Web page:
The recent Star Boat Keel Dedication ceremony brought to mind Aphrodite, that elegant and sleek 74- footer that was dubbed the "Commuter Yacht." One might ask what this huge boat would have to do with the one-design Star boat. It happens that the Star boat from which this particular keel was built by the Purdy Boat Company here in Port Washington, as was Aphrodite. The history of Aphrodite is interesting, and a short summary is included here. She was launched in May of 1937 for Wall Street financier and later Ambassador to the Court of St. James, John Hay (Jock) Whitney of Manhasset, who would sail her each morning to his Wall Street office. Aphrodite's list of guests included Fred Astaire, Sir Laurence Olivier, Spencer Tracy, Katharine Hepburn, Henry Ford II, FDR advisor Harry Hopkins and Nelson Rockefeller. She also was the site for a birthday party for Shirley Temple. Whitney offered Aphrodite to the government after the attack on Pearl Harbor, and spent much of her time ferrying dignitaries up and down the Atlantic coast. In the late 60's she was renamed Moonfire and went through a series of owners who let her condition deteriorate. In 1977, a man from New Jersey approached John Pannel of Harbor View Marine (on the site of the original Purdy Boat Yard) who believed he had Aphrodite. She was brought back to Port Washington where restoration work was begun. Unfortunately, the man from New Jersey died shortly thereafter, but eventually Pannel accepted ownership of Aphrodite from the heirs as payment for work in progress. In 2000 Pannel sold her to her present owner, a true classic boat enthusiast. In the fall of 2003, Aphrodite was delivered to Brooklyn Boat Yard where a complete restoration of the boat is planned to bring her back to her original appearance and to bring her up to today's standards. When the restoration is done, Aphrodite will be a brand new boat, designed using the original boat as a template. She is scheduled to be completed and launched in the summer of 2005. For more information, www.brooklinboatyard.com/aphrodite.htm.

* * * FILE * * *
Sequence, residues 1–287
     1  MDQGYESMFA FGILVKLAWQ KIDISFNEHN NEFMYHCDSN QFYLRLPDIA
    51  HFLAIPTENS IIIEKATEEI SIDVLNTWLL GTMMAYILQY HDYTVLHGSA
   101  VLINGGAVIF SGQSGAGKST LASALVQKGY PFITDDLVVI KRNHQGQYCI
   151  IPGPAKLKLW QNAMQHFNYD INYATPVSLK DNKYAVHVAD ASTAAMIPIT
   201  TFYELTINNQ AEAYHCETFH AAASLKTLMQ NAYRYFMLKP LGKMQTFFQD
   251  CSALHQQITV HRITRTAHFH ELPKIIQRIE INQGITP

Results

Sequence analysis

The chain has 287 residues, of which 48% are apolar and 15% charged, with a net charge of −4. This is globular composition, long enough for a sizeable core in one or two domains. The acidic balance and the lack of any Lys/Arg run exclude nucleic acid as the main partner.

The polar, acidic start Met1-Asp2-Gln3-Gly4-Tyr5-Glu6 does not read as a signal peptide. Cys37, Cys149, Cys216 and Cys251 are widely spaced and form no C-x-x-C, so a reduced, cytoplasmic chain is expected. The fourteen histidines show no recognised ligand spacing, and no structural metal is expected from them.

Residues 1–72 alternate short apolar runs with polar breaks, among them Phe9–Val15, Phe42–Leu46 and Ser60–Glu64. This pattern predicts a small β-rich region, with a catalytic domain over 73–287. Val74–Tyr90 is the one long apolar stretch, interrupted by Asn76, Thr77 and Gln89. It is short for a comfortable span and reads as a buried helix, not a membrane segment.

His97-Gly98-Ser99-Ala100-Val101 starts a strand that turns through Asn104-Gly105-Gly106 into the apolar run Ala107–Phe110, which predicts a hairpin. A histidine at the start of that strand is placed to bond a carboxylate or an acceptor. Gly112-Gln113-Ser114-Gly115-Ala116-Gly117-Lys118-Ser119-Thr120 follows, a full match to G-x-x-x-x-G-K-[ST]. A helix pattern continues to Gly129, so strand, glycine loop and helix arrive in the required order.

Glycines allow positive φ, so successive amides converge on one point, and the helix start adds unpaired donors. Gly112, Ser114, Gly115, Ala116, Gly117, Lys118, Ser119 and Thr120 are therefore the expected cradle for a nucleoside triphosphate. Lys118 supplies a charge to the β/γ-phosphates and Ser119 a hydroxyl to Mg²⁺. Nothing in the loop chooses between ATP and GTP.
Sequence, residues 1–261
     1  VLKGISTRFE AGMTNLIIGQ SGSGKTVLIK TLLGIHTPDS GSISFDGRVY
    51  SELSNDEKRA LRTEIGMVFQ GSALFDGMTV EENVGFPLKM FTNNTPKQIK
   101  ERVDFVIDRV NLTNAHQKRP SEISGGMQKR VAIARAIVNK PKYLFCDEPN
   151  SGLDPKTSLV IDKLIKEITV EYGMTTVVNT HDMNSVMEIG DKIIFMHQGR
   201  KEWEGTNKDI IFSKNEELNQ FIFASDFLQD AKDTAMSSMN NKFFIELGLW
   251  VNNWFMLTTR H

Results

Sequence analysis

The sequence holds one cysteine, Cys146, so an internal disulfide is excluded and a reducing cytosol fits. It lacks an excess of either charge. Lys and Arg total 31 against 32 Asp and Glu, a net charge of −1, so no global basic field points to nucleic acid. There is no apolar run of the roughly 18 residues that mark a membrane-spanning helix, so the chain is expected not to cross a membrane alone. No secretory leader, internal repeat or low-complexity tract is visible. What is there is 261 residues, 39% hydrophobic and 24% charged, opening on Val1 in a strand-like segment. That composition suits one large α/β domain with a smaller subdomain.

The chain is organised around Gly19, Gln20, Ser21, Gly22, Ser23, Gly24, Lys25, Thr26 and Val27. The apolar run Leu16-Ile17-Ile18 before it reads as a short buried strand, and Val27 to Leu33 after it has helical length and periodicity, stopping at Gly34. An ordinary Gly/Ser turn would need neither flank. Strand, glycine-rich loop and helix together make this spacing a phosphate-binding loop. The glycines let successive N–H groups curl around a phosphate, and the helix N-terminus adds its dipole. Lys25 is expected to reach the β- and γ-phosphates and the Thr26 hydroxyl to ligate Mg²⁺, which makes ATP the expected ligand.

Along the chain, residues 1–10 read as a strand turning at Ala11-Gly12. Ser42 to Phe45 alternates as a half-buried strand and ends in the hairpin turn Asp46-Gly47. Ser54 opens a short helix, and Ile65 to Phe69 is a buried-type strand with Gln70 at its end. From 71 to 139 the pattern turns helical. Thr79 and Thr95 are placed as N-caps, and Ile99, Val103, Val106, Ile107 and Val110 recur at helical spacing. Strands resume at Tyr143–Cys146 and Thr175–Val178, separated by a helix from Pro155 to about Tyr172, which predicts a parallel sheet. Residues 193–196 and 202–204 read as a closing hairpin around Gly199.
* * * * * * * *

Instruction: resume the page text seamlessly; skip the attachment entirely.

For all of you sailors who have time to read during this off season, you may be interested in Dave Dellenbaugh's Speed&Smarts. This publication is aimed at racers and is 100 percent instructional. Each issue is jam-packed with go-fast information, practical tips and techniques to help the racer-sailor sail faster and smarter. Each issue is 16 pages and written so it's logical, systematic and easy to understand. Some topics covered include starting strategy, heavy-air racing, upwind tactics, mark roundings, downwind speed, and winning psychology. For skippers, Speed&Smarts will help you improve your steering, strategic planning, rule understanding, tactical moves, mental preparations, tacking technique, wind prediction, protests, plus other topics of interest For those who crew, there is spinnaker handling, strategic thinking, jib and genoa trimming, roll tacking, communication with team members, etc. For more information, www.SpeedandSmarts.com, or 800-356-2200.